The White House is removing a federal regulation that subjects its Office of Administration to the Freedom of Information Act, making official a policy under Presidents Bush and Obama to reject requests for records to that office.
So, there’s that: another agency within the government that won’t respond to FOIA requests. I mean, many don’t, at least not until they’re successfully sued. Others play the waiting game, the “we can’t find it” game and the “fine, but it’ll cost you” game. But this office will simply play the “we don’t have to” game.
Most of the White House is off-limits to FOIA requests, with various court decisions in its favor shoring up the request denials. But the Office of Administration was different… or was up until recently.
Unlike other offices within the White House, which were always exempt from the Freedom of Information Act, the Office of Administration responded to FOIA requests for 30 years. Until the Obama administration, watchdog groups on the left and the right used records from the office to shed light on how the White House works.
Obama may have pressed the kill switch, but this slide towards opacity started back during the previous presidency — also no fan of government transparency. A lawsuit over 22 million emails led Bush’s administration to exercise its option to opt out of FOIA responsiveness and a 2009 court ruling upheld the Office’s decision. In the end, the Office of Administration is still charged with archiving presidential emails, but it doesn’t have to release them until five years after the current president has left office.
The administration’s ironic decision to eliminate sunshine during Sunshine Week is explained in a notice at the Federal Register.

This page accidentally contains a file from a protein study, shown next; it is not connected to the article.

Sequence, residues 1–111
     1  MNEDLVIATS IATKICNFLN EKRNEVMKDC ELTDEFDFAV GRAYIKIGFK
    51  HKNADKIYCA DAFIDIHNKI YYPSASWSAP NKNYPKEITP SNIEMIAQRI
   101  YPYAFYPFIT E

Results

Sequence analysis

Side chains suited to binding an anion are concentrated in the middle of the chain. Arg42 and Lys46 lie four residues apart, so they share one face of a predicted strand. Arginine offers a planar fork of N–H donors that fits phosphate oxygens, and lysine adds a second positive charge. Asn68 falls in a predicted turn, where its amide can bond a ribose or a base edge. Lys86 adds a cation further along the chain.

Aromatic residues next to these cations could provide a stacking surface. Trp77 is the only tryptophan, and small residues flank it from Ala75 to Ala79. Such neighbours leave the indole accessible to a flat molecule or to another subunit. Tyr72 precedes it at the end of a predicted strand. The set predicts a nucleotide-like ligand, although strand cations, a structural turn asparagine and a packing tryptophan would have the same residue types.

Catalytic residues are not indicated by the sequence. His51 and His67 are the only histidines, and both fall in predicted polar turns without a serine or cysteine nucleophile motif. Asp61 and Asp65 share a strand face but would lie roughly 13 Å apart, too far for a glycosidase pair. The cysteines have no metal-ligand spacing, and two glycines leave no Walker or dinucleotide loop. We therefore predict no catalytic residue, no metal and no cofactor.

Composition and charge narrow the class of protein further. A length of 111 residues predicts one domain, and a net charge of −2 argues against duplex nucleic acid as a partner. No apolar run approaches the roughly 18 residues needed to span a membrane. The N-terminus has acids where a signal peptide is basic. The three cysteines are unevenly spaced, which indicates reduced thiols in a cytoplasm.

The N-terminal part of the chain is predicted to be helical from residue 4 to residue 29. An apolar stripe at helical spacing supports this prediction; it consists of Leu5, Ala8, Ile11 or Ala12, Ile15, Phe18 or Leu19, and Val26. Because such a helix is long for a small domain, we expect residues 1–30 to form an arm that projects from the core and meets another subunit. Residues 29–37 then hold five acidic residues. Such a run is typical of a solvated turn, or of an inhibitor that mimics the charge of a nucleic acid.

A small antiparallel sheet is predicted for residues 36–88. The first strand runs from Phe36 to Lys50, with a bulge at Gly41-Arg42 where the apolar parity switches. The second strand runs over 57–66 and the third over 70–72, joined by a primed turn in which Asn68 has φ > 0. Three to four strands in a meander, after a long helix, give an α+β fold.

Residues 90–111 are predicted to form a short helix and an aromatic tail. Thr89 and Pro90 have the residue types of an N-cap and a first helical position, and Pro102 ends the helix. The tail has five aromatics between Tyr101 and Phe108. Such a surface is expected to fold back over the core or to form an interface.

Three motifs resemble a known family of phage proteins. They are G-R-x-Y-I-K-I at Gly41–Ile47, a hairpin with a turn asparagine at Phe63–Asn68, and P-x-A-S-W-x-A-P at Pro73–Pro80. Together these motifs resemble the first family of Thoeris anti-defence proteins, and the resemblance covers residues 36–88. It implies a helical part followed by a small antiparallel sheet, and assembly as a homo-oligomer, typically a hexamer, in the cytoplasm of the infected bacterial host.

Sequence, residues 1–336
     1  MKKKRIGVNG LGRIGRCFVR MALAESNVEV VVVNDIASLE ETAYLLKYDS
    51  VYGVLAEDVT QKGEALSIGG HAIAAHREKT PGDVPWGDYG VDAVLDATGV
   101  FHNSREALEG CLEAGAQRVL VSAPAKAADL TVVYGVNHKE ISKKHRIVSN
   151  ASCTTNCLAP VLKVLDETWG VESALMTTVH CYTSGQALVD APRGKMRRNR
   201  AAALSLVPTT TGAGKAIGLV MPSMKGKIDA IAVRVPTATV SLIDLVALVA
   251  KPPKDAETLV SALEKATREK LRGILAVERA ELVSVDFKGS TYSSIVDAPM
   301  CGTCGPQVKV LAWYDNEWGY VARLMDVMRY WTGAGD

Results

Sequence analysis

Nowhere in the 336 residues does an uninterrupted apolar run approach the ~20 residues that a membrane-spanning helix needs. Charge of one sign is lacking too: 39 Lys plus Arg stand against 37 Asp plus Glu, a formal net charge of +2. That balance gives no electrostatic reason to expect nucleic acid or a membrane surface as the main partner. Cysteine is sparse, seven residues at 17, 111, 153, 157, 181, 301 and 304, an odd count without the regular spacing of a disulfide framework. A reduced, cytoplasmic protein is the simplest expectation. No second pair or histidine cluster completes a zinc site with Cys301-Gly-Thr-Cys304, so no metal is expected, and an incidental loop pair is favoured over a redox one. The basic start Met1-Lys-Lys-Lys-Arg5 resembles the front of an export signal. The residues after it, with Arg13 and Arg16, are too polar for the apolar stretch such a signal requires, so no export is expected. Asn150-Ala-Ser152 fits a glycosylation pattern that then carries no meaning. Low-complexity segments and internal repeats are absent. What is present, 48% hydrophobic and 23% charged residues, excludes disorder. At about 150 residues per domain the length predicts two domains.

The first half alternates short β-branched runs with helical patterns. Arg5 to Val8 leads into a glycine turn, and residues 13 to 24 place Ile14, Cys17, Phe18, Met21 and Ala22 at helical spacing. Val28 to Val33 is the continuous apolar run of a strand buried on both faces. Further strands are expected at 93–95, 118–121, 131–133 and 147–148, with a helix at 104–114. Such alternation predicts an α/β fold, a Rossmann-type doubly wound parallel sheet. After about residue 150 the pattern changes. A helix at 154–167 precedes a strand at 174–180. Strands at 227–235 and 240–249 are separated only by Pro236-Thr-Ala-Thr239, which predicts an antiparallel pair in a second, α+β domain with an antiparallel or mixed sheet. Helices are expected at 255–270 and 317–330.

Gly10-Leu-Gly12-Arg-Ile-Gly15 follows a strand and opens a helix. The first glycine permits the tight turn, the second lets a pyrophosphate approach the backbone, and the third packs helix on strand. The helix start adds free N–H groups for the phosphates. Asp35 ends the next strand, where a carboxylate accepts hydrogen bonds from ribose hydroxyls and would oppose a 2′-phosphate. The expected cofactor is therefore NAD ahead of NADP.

This action is being taken in order to align Office of Administration policy with well-settled legal interpretations of the Office of Administration’s status under Federal law and Executive Orders, including the Freedom of Information Act, the Privacy Act of 1974, and Executive Order 13526. The Office of Administration, as an entity whose sole function is to advise and assist the President of the United States, is not an agency under the Freedom of Information Act or the Privacy Act of 1974, nor does its implementation of Executive Order 13526 affect members of the public. Accordingly, the provisions of the Code of Federal Regulations to be removed are without legal effect.
All well and good, but it would be refreshing to see an agency opt in to greater transparency, rather than reverting to the default opacity setting. And then there’s the issue of self-governance. Give a government body the power to set its own FOIA rules and you should expect nothing less than more secrecy. As Rick Blum of Sunshine in Government points out, this is a problem.
“I think what we’ve all learned in the last few weeks is the person who creates a record — whether it’s running a program or writing an e-mail — is the one who gets to decide whether it’s an official record,” Blum said. “And there ought to be another set of eyes on that.”
At the very least, it’s a conflict of interest. When one side wants less transparency and has the unchallenged power to make that decision, the public — and its right to know — goes completely unrepresented.